Review by Leonard Norwitz
Theatrical: MGM Pictures, Exodus Film Group & Sparx
Blu-ray: MGM Home Entertainment
Runtime: 86 min.
Size: 50 GB
Case: Standard Blu-ray case
Release date: January 20, 2009
Aspect ratio: 1.85:1
Video codec: AVC @ 38 MBPS
English DTS HD 5.1 Master Lossless. Spanish 5.1 Dolby
English and Spanish
• Audio Commentary by Writer Chris McKenna, Director Tony
Leonidas & Producer Max Howard
• Alternate Opening Scene in HD (3:18)
• Concept Art Galleries: Characters, Set, Production Design,
Storyboards & Posters
Trying too hard to be all things to all audiences the
filmmakers here have succeeded in creating a movie not
unlike Igor's monster, stitched together from Betty Boop
eyes, Coneheads and Raggedy Anns and costumes from the
Liberace Museum, among other things, that never quite gels.
In the kingdom of Malaria, once a fit and sunny place to
bring up your children, storm clouds have had a stultifying
effect on everyone's attitude. The king has decreed that the
only way the country could stay afloat economically is if
they export evil toys. Just the threat of what these things
could do extorts a good living from the rest of the planet.
One thing begets another, including a race of creatures, all
named "Igor," bred only to "pull the switch." One such Igor
(voiced by John Cusack) gets it into his head that he could
make a better mad scientist than his employer, a hypothesis
he is soon able to test out when Dr. Glickenstein (John
Cleese) meets with an – er – accident (not Igor's doing,
What Igor creates is a gigantic creature named, in a
shameless and not very funny ripoff of Wall-E, "Eva." The
problem is that Eva, despite Igor's intentions and
instructions, can only do good. The country's number one
evil mad scientist, Dr. Schadenfreude (Eddie "Lounge"
Lizzard), a cross between Elton John, Marilyn Manson and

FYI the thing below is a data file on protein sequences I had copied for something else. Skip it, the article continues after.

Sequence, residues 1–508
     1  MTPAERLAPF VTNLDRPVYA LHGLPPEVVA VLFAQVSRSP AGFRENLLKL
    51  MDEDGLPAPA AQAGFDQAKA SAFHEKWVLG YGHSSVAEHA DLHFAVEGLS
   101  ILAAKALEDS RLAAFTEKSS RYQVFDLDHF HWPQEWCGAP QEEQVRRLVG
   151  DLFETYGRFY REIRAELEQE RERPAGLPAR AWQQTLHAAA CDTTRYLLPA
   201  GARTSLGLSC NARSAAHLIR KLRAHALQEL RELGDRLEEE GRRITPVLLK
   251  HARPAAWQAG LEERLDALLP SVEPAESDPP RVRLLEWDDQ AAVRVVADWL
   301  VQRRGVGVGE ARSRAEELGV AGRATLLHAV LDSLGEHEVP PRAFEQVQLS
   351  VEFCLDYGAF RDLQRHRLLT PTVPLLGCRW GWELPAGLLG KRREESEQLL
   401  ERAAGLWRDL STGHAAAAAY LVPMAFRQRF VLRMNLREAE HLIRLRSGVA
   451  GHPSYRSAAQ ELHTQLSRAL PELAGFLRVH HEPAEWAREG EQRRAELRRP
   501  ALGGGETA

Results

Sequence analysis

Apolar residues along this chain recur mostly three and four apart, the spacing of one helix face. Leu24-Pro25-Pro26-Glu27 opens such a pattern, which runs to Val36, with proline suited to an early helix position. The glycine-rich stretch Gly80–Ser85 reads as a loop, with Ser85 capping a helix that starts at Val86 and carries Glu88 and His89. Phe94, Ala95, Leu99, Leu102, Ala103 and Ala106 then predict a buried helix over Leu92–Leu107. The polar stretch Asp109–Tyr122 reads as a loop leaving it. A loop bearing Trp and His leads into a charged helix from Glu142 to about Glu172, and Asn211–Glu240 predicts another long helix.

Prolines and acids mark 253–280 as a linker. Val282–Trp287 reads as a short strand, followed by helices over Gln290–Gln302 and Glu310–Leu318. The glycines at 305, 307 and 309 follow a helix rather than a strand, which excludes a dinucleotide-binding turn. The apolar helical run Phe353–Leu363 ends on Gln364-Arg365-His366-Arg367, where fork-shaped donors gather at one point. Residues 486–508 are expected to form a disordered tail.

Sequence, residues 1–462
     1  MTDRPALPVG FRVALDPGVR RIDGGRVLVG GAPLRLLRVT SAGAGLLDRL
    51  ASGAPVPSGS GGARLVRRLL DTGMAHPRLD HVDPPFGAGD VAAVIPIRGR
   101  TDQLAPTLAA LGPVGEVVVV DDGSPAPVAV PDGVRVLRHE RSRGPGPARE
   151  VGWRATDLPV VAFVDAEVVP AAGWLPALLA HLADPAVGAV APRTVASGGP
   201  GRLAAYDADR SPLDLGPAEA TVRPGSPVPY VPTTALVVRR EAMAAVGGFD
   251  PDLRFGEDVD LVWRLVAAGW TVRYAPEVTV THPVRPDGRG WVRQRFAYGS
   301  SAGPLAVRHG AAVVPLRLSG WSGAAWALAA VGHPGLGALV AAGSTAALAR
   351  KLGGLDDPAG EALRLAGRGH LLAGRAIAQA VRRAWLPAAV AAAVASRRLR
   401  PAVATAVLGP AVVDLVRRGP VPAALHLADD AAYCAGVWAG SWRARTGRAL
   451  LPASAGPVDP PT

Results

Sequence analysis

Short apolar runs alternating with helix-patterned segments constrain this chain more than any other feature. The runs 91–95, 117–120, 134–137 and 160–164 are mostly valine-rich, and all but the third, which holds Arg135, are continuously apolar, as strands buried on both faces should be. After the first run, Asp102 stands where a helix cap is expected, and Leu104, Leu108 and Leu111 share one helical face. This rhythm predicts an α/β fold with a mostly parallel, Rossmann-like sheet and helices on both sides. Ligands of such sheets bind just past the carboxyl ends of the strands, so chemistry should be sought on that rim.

Liberace, knows something is up and tries to steal Igor's
plans or, failing that, Eva herself.
There's a good deal of Mickey Mouse Club (no offense)
moralizing in this tale about choosing good or evil. Not
content with such simplicities, the movie is filled with
more remote cultural references than an earnest film student
could keep track of, plus an ending that has Total Recall
written all over it - something for this audience, followed
for no rhyme or reason by something for that. I felt much
the same way about the music, which jumps into classic retro
blues with very little provocation. I didn't much care for
John Cusack's impersonation of Albert Brooks either. How, I
asked myself, does Nemo's dad, Marlin, figure as Igor?
Moments later Cusack would try on another voice just as I
becoming accustomed to the first one.
What I did like, I liked very much: the color, the
characters and their costumes and most of the set designs.
These all account for a great deal in any animated feature,
so I wouldn't want to minimize their effect. But then, just
to annoy me it seemed, another piece of inane dialogue would
insult both the kid and the adult in me, and the lighting
source for any character would change at the drop of a hat
as the camera shifted its position (Can Dr. Seuss be far
The first number indicates a relative level of excellence
compared to other Blu-ray video discs on a ten-point scale.
The second number places this image along the full range of
DVD and Blu-ray discs.
I certainly can't fault the image: it's tight, sharp, highly
resolved, with no weird fuzz or other distractions. The
contrast demanded by the production is about as far ranging
as any animation I've seen. Blacks, shadow detail, color
saturation, blaring light – it's all done wonderfully. The
image quality is just about right up there with the best of
them, though it seems to hold on for dear life, like Mr.
Toad. . . if only that key light wouldn't move around so.
Audio & Music:
While never reaching the heights or depths of a live action
thriller like Wanted, the audio here is still busy with
every manner of effect, musical cue, and overlapping
dialogue (the latter being the only place I felt that could
use more clarity). The surrounds conveyed the various
locales very well, from one mad scientist's laboratory to
another, to the crowd-filled stadium, to the wild ride
across the mountain pass.
Menus can be watched, with or without sound effects, the
main menu easily returned from the self-guiding galleries,
which will continue on their merry way unless you pause or
Except for the audio commentary, the extra features are all
without comment. The feature commentary is infectious and
informative, if not a little self-congratulatory. I liked
the Concept Art Galleries, as far as they went. And the
alternate opening scene worked well too.
O.K., so I didn't care for the movie. I found it too dark
for young children, too oblique for older children, and too
lame for adults. But, make no mistake: the visuals, except
for the bizarre light sources, shifting or not, are
fascinating, as are the character and art designs. The audio
supports the ever-changing image nicely, making this Blu-ray
a great demo, if only we could close our minds to the
February 10th, 2009